Case Law Details

Case Name : ACIT Vs Ms. Sultana Nazir (ITAT Chennai)
Appeal Number : I.T.A.No.887/Mds/2011
Date of Judgement/Order : 23/03/2012
Related Assessment Year : 2007-08
Courts : All ITAT (4351) ITAT Chennai (217)

Section 54F benefit remains intact even if Assessee transfer New house acquired to claim S. 54F to acquire another house

Assessee sold a long term capital asset being land at Velacherry on 5.5.2005 for Rs. 81 lakhs whereon assessee earned long term capital gains. The assessee invested Rs. 75 lakhs in the purchase of house property at Alwarpet on 1.10.2005 and therefore, was allowed exemption of long term capital gains u/s 54F to the extent of Rs. 73,94,157/- in the assessment of assessment year 2006-07. Thereafter, the assessee sold the house at Alwarpet on 13.11.2006. Assessee, thereafter, again purchased another residential house at Spur Tank Road, Chetpet on 15.11.2006 for Rs. 70,80,620/-. The Assessing Officer opined that the long term capital gains of Rs. 73,94,157/- which was allowed as exemption in the assessment year 2006-07 is to be withdrawn in the assessment of the assessment year 2007-08.

On Appeal ITAT Held that :-

Assessing Officer was justified in treating Rs. 73,94,157/- as long term capital gains of the year under consideration as because the assessee in its Return of Income for Assessment Year 2006-07 claimed exemption with reference to investment made in the house property at Alwarpet. However, we find that the assessee has invested in purchase of new residential house at Rs. 70,80,620/- within the period of two years in which the transfer took place and therefore, the assessee was eligible for deduction u/s 54F(1) of the Act in respect of the said investment out of this deemed long term capital gains. In our considered opinion, the Assessing Officer was not justified in not granting exemption u/s 54F with reference to this investment made by the assessee in computing long term capital gains of the year under consideration. The ld. CIT(A)’s order is actually to the above effect only. As it is not in dispute that the capital gains of the assessee was Rs. 48,94,157/- only whereas the assessee was eligible for exemption of more than that amount u/s 54F of the Act for investment of Rs. 70,80,620/- in purchase of residential house, in our considered opinion the ld. CIT(A) was justified in deleting the addition of Rs. 48,94,157/-.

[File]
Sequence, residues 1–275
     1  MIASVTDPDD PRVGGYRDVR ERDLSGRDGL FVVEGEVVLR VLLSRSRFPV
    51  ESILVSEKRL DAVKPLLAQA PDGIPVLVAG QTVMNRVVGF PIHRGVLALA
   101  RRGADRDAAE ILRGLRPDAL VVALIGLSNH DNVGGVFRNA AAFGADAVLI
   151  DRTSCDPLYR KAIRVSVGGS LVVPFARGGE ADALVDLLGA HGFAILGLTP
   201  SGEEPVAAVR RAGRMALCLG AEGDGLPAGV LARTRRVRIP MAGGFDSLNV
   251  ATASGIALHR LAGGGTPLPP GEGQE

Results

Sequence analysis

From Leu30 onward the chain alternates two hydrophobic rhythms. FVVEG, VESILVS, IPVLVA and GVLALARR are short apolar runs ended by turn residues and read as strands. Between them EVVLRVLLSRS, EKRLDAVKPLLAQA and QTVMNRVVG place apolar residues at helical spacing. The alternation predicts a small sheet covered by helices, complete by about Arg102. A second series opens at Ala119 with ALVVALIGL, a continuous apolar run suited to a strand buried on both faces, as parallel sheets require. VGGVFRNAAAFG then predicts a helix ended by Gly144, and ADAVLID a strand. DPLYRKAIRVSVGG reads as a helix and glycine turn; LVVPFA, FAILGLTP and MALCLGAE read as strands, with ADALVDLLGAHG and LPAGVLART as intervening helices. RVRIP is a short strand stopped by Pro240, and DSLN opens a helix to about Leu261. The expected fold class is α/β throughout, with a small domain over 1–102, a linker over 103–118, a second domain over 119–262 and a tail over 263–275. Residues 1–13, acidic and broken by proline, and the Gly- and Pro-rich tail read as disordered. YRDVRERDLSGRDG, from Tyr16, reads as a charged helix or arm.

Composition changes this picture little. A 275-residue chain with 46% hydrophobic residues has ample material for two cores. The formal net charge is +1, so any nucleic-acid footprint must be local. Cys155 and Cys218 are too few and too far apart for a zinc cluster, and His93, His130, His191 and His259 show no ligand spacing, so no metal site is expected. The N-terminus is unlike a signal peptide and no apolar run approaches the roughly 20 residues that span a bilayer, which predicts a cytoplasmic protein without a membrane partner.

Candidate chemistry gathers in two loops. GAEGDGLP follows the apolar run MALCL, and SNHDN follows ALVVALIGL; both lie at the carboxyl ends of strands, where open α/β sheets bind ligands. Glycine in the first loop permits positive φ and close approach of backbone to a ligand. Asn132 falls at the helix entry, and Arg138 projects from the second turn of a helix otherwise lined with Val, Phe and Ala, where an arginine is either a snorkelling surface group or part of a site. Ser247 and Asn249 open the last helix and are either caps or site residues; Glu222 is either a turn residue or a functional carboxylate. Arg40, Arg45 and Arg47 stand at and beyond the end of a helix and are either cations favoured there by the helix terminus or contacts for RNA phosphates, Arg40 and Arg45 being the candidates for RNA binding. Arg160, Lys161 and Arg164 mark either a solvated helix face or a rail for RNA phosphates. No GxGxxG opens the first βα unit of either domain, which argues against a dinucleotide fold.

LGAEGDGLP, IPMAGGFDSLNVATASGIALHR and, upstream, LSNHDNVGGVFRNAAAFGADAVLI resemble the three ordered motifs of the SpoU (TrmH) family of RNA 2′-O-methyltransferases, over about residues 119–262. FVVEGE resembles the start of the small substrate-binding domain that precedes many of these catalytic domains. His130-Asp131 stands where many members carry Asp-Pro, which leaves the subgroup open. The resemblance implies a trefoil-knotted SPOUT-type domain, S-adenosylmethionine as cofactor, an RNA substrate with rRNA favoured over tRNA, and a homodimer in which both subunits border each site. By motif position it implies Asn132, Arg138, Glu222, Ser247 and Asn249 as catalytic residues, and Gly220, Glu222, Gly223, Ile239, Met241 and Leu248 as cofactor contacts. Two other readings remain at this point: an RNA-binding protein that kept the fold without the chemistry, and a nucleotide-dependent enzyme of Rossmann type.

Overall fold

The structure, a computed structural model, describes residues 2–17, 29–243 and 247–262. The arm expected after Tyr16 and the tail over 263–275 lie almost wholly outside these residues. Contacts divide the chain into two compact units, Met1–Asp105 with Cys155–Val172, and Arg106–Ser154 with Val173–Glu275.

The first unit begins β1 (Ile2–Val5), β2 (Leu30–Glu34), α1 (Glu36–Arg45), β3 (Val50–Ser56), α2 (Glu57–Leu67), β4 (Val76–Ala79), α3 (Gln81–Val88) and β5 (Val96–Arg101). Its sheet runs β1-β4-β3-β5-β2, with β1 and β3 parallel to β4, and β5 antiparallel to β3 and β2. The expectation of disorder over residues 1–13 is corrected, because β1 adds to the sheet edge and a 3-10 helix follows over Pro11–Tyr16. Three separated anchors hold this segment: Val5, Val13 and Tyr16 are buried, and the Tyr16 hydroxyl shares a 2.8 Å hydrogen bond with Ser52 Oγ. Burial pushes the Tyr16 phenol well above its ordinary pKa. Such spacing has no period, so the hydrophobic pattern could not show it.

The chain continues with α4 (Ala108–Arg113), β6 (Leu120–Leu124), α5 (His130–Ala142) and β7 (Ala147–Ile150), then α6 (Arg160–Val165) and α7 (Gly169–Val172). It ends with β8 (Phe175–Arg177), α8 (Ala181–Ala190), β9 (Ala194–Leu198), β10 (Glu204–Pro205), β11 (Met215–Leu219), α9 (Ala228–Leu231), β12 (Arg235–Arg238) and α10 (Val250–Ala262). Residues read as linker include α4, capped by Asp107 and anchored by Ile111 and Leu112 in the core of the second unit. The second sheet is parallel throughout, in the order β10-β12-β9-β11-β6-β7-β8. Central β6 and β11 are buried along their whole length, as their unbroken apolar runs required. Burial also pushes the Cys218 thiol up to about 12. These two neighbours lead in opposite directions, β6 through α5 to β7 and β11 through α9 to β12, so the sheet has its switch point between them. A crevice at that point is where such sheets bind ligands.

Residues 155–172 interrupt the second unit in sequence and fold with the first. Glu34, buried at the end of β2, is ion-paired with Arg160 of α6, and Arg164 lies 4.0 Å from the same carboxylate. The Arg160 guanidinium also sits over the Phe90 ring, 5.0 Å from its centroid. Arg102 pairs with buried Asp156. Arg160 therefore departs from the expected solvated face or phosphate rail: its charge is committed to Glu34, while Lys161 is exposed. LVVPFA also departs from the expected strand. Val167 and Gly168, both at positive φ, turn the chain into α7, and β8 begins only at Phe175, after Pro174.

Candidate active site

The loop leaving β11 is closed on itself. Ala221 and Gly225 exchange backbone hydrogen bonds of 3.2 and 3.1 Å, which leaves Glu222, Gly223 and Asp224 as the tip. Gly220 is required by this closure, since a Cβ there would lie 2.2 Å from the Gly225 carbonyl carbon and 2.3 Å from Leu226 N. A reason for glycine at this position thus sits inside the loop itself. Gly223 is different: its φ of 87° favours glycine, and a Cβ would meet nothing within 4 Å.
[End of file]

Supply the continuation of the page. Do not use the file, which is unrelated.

INCOME TAX APPELLATE TRIBUNAL,  CHENNAI

I.T.A.No.887/Mds/2011 –  Assessment year : 2007-08

ACIT vs Ms. Sultana Nazir

Date of Pronouncement : 23-3-2012

O R D E R

PER N.S. SAINI, ACCOUNTANT MEMBER

This appeal filed by the Revenue is directed against the order passed by the ld. CIT(A)-XII, Chennai, dated 11.2.2011, for assessment year 2007-08.

2. The first issue involved in this appeal is that the ld.CIT(A) erred in allowing deduction u/s 54 to the extent of Rs. 48,94,157/-.

3. We have heard the rival submissions and perused the orders of the lower authorities and the material available on record. The undisputed facts of the case are that the assessee sold a long term capital asset being land at Velacherry on 5.5.2005 for Rs. 81 lakhs whereon assessee earned long term capital gains. The assessee invested Rs. 75 lakhs in the purchase of house property at Alwarpet on 1.10.2005 and therefore, was allowed exemption of long term capital gains u/s 54F to the extent of Rs. 73,94,157/- in the assessment of assessment year 2006-07. Thereafter, the assessee sold the house at Alwarpet on 13.11.2006. Assessee, thereafter, again purchased another residential house at Spur Tank Road, Chetpet on 15.11.2006 for Rs. 70,80,620/-. The Assessing Officer opined that the long term capital gains of Rs. 73,94,157/- which was allowed as exemption in the assessment year 2006-07 is to be withdrawn in the assessment of the assessment year 2007-08. Further, according to the Assessing Officer, assessee suffered capital loss of Rs. 25 lakhs on the sale of house property situated at Alwarpet and therefore, allowing set off of such loss, he brought to tax the balance amount of Rs. 48,94,157/-.

4. On appeal, the ld. CIT(A) deleted the aforesaid addition of Rs. 48,94,157/- for the reasons mentioned as under: